Support industries to exporters in economic zones have joined the clamor for a more competitive package of perks in the pending Corporate Recovery and Tax Incentives for Enterprises Act (CREATE).
Chito Zaldarriaga, president of the Philippine Ecozones Association (Philea) fears the reduction of incentives would lead to mass exodus of companies to other countries and, at the very least, freeze all of their expansion plans.
“If these guys leave, we will be stuck with inventory of land,” said Zaldarriaga in a press conference earlier this week.
Philea is composed of 30 major developers operating in more than 20 ecozones and supplies facilities to manufacturers and service exporters.
Zaldarriaga said tax incentives played a big role to developers in heeding calls of government 25 years ago for the establishment of industrial estates to attract investments.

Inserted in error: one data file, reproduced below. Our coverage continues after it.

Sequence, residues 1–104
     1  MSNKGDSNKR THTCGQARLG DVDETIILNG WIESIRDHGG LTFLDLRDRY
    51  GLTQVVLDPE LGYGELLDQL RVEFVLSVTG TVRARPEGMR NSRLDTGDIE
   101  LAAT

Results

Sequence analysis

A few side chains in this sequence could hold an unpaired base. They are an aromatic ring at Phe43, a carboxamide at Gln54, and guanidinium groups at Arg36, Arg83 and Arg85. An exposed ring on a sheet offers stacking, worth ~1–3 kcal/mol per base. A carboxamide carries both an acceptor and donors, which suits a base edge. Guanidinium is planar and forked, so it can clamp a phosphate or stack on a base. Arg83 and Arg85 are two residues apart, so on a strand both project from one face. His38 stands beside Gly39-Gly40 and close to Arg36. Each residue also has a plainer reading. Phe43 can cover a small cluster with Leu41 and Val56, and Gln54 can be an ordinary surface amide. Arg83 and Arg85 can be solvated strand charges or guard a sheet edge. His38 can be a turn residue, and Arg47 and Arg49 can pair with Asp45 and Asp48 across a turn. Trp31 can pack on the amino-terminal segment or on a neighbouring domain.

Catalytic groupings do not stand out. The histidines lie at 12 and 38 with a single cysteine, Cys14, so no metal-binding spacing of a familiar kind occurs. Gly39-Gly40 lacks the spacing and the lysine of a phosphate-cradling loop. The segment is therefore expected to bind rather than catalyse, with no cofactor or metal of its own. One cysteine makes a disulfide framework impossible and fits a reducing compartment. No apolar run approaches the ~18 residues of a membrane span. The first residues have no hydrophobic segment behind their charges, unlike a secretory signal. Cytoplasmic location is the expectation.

But the long gestating nature of the industry which is 10 to 15 years means these investors have yet to fully recover their investments.
“The reduction of the corporate income tax (CIT) rate will be a welcome change but to tamper with what has been working for exporters employing (thousands of workers), is very dangerous,” Zaldarriaga said.
Mimi Malvar of Philippine Association of Multinational Companies Regional Headquarters Inc. (PAMURI) said the group appeals to government to give regional operating headquarters (ROHQ) the same treatment as other existing industries which were granted four years transition in their incentives.
Malvar said ROHQs stand to lose the preferential rate of 10 percent CIT when the rate shifts to 25 percent under CREATE.
This will make the Philippines less competitive against countries which offer much lower tax rates like Thailand at 3 to 8 and Malaysia, 5 to 10 percent, she added.
PAMURI, composed of 330 big companies many of which are in the Fortune 500, employ 25,000 in high-paying professional jobs offering back office services to affiliates worldwide.